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Monday 31 October 2022

October bird survey at Hemblington Church

Sue, Linda, Peter and I met at the church at 10.00am to carry out the monthly bird survey: we've been doing this a few years now, and the results make fascinating reading...


For those of you who enjoy that little frisson of fear: my paranormal website - the longest continuously on line in the UK - might be worth a look!


Sunday 30 October 2022

Synergy and the Divide rock the house!

A fabulous joint gig last night: faultless musicianship, terrific sound (courtesy of 'Titch' and his PA gear) and a most appreciative crowd. I thought Synergy were loud until I heard The Divide!

Saturday 29 October 2022

Barn Dance for Synergy and The Divide

Another tasty gig for Synergy tonight: a big birthday bash in an event barn out in the Broads. We'll be sharing the stage with legendary rockers The Divide: their lead singer happens to be my co-vocalist and harp player Garth 'The Flyman' Coupland. I'm intrigued to discover how his two completely separate alter-egos work out!

Thursday 27 October 2022

Strumpshaw Fen: nostalgia isn't what it used to be....

Since I had to drop Linda off for an early train at Brundall, I carried on round to Buckenham and Strumpshaw Fen - the first time I've visited either for months. In the past both sites have provided good returns for a pleasant walk in the Yare Valley, but during the summer both were infested by dog walkers and family groups, hardly any of whom displayed any interest in the wildlife of the two reserves. Since the weather was somewhat threatening, I thought I'd probably be able to enjoy the stroll without too many distractions (Despite it being half term)

In the event I was correct in that assumption: just a few small families arriving as I left. But where were the birds? Apart from the inevitable skeins of Pinkfeet, the regular Wigeon and a Peregrine or two, Buckenham was a bird-free zone. Strumpshaw was even worse: I didn't see a single passerine in the woods or reedbeds and the only fly-overs were more Pinks. No Marsh Tits, Nuthatches, Treecreepers, King Fishers, Egrets, Herons, Siskins, Beardies - nothing! The only 'highlights' were a mixed group of white and 'black' Pheasants.

I mentioned this to the newly-arrived middle-aged volunteer at the new ticket kiosk. He shrugged and said 'Global warming, innit?' I asked him what that had to do with the lack of resident species: he just shrugged and replied that it was too warm in the Arctic for birds to fly south. I repeated my point about the lack of woodland birds, and asked if he knew where the Pinkfeet had arrived from. No reply. (I personally think that turning the once-excellent reserve into a corporate training site and a family fun park has had more than a little to do with the decline of the Fen)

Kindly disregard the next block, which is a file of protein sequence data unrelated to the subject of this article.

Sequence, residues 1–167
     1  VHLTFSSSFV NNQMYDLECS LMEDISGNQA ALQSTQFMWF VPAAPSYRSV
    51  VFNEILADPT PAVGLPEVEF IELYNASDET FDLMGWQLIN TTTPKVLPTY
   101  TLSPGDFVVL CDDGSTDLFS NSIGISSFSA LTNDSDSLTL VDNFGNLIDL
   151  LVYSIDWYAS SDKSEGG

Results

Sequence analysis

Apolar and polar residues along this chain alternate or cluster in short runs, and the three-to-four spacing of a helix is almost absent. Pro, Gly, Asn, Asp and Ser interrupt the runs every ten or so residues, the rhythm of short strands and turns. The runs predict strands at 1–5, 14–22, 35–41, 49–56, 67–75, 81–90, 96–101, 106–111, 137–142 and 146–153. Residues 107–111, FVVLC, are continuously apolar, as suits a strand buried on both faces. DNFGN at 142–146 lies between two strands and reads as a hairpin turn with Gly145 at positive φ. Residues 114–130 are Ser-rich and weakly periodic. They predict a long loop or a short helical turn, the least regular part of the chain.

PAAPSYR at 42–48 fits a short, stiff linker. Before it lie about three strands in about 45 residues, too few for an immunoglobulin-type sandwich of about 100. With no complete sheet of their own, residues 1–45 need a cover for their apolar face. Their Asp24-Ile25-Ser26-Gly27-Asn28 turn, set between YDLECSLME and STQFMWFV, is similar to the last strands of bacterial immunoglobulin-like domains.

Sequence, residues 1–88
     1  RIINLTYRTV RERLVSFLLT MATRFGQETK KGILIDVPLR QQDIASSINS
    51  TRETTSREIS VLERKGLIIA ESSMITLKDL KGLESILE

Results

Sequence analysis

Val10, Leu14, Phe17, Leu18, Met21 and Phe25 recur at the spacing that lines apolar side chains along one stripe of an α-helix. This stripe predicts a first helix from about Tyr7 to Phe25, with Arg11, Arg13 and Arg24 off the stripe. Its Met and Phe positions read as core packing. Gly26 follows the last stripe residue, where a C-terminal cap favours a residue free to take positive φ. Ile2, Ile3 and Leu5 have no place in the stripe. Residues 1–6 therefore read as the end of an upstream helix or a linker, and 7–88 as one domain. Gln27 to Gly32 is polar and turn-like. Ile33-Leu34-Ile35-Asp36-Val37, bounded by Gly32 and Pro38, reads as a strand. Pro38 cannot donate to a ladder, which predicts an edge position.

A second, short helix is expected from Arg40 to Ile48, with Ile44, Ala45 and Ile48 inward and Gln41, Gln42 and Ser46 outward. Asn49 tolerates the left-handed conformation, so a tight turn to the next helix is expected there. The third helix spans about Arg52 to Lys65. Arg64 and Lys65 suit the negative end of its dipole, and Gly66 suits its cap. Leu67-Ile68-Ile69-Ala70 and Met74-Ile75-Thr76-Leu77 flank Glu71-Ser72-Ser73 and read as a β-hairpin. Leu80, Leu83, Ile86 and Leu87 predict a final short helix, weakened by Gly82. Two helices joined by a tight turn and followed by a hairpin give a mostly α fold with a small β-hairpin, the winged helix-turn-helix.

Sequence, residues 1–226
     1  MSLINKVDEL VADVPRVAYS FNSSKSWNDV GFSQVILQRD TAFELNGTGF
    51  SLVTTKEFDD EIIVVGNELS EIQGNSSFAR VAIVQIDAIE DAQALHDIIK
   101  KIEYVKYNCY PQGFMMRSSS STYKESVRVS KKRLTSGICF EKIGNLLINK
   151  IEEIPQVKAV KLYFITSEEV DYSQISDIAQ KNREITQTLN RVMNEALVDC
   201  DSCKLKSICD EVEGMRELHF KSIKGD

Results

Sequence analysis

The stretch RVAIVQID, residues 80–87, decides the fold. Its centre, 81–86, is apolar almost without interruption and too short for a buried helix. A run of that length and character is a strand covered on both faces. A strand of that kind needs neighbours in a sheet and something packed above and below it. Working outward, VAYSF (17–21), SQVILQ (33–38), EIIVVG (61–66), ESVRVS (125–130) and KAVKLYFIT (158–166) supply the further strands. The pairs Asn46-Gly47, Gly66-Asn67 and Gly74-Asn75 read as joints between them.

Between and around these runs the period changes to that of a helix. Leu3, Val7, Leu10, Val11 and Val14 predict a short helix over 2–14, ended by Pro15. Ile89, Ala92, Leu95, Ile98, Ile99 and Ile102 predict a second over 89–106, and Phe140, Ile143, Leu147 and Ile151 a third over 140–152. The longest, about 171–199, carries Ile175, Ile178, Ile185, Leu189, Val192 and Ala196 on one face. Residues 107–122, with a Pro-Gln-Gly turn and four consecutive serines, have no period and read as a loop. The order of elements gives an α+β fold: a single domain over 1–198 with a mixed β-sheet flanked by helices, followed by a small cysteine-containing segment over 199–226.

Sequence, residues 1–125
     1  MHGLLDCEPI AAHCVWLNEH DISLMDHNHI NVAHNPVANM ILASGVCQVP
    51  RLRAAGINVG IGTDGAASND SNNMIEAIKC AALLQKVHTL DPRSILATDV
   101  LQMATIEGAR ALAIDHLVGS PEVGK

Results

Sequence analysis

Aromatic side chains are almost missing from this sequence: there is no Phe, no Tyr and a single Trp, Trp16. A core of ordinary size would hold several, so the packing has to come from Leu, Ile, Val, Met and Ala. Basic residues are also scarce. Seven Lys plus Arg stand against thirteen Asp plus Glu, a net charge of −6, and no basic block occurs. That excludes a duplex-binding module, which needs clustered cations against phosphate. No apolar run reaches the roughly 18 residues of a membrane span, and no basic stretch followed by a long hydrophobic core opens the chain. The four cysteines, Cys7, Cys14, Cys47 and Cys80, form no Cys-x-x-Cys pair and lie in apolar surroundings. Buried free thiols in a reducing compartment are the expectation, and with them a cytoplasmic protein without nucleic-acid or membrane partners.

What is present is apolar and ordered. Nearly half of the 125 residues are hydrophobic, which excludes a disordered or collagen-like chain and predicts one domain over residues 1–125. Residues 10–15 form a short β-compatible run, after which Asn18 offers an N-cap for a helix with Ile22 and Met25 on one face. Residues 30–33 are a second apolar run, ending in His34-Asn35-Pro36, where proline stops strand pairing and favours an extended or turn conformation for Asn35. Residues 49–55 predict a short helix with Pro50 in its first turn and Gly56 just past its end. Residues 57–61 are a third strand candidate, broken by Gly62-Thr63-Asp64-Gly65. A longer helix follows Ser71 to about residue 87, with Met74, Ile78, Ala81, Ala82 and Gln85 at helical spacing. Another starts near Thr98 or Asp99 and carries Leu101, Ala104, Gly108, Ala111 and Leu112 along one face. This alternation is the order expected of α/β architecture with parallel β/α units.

The International Space Station

Some bright, early morning passes by the ISS over the next couple of weeks: don't forget - the lower the number, the brighter the pass. (So -3 is much brighter than 3)

Tuesday 25 October 2022

Jack Snipe and Dowitcher at Cley

A morning on the North Coast with Brian and Norman added two birds to the year list: most welcome was the Jack Snipe that I managed to locate among the stubble on Snipe's Marsh almost as soon as we arrived. A walk up the East Bank added Bearded Tit and Long-billed Dowitcher (still trying to remain a silhouette!): other birds included an 'interesting' Stonechat,  a large flock of Meadow Pipits and a Water Pipit. 

The pager sent us eastwards to two different car parks at West Runton, neither of which held the promised Shorelarks. We retraced our steps to Kelling, where from the tearoom carpark I managed a couple of shots of the eclipse by stopping everything down, thinking that I'd lost my Baader filter (it was tucked away in my camo jacket!) I didn't realise the shots had come out until I got home and played with PSP! (I had decent views of what was absolutely a Pallid Harrier at Salthouse as we drove east, but Norman couldn't stop, unfortunately)

Nothing on the pool at Kelling, apart from scores of dragonflies. The sea was slightly more productive with a raft of Common Scoter (flight views revealed at least one Velvet among them) and another raft of mixed Auks.

Saturday 22 October 2022

New look for Frosty the Snowman

Regular readers may recall that the little snowman first made an appearance in March 2021, so he's not doing too badly, having endured fourteen months in the freezer! Like Trigger's Broom, he has had a few modifications: new arms this summer and, for his exploration of my office this week, new eyes. I feel they give him a more rock 'n' roll look!